Dr. L. L. Doggett's life of Robert R. McBurney (Cleveland: F. M. Barton) is something more than a biography, since of necessity it involves an account of the rise and development of the Young Men's Christian Associations of America. For over thirty years Mr. McBurney was secretary of the New York Y. M. C. A., and, by common consent, was regarded as the leading spirit of the American Association movement. Dr. Howard Crosby once said that no Christian minister had rendered a greater service.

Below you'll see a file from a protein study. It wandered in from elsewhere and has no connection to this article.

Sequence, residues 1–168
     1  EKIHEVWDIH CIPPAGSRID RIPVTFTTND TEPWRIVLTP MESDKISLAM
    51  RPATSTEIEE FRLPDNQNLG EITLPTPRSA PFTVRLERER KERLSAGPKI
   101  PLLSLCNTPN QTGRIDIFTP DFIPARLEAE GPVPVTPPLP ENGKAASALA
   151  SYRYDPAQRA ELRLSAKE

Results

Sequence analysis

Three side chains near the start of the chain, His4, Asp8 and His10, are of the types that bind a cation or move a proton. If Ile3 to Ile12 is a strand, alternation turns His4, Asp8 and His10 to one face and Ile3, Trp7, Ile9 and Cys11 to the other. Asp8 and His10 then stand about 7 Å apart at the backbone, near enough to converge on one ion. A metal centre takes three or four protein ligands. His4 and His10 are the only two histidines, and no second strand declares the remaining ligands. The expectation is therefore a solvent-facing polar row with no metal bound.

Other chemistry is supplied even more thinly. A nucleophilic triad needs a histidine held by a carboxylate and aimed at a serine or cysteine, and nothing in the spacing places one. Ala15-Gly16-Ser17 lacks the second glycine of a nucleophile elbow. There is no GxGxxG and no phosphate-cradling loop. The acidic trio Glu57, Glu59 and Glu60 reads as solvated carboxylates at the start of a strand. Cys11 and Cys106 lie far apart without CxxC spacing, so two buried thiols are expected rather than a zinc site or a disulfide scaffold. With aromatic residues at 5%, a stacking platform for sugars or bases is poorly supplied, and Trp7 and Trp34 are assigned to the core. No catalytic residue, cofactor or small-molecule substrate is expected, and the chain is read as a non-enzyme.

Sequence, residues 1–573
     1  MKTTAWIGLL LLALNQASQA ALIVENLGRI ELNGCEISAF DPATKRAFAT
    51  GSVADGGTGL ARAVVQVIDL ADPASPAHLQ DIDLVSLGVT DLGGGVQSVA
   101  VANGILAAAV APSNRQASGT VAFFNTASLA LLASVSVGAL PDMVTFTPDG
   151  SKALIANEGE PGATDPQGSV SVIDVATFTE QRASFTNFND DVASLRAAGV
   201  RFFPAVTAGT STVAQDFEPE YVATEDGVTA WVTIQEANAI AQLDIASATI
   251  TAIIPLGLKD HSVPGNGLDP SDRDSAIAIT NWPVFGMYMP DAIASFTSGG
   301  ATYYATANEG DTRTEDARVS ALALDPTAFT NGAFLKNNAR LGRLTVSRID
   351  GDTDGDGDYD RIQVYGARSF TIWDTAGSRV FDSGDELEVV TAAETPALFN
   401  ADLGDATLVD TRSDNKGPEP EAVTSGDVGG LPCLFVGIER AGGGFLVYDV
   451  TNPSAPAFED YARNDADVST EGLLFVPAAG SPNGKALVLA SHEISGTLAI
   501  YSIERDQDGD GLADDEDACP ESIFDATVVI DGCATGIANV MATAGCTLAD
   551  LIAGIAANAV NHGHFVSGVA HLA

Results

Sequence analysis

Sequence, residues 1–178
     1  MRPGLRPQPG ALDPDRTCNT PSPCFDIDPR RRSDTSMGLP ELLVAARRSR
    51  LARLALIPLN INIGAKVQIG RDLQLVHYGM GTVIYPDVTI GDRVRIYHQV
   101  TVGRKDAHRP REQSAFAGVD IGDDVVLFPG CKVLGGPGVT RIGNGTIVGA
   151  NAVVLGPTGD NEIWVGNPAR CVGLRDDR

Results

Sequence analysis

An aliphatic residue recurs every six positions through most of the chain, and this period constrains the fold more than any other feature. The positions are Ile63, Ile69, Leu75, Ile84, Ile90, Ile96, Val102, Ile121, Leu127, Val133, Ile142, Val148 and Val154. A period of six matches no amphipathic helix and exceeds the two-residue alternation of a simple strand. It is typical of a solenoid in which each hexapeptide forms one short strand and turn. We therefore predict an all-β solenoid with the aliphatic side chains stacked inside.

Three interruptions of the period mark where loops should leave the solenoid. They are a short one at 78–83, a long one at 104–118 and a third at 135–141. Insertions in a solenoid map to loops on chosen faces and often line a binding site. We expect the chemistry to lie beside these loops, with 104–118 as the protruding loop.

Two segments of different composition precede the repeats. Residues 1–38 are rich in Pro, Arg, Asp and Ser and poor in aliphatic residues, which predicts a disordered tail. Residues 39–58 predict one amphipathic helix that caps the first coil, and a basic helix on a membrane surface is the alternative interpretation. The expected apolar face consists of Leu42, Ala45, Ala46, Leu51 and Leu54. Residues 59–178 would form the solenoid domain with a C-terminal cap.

Unlike any published autobiography of this or any other year is Dr. Charles A. Eastman's "Indian Boyhood" (McClure, Phillips & Co.). Dr. Eastman, who is a full-blooded Sioux Indian, can remember the Minnesota massacre of 1862, when he and his people were obliged to flee for their lives to the plains of the far Northwest before the enraged settlers and soldiers of what was then our frontier. In after years Dr. Eastman embraced our civilization, was educated in our schools, and married a white wife, but never has he lost his love of some of the old tribal customs into which he was born, and which he so well describes in this book. "Indian Boyhood" stands alone in our literature as a record of much that has passed beyond the range of human experience, never to return.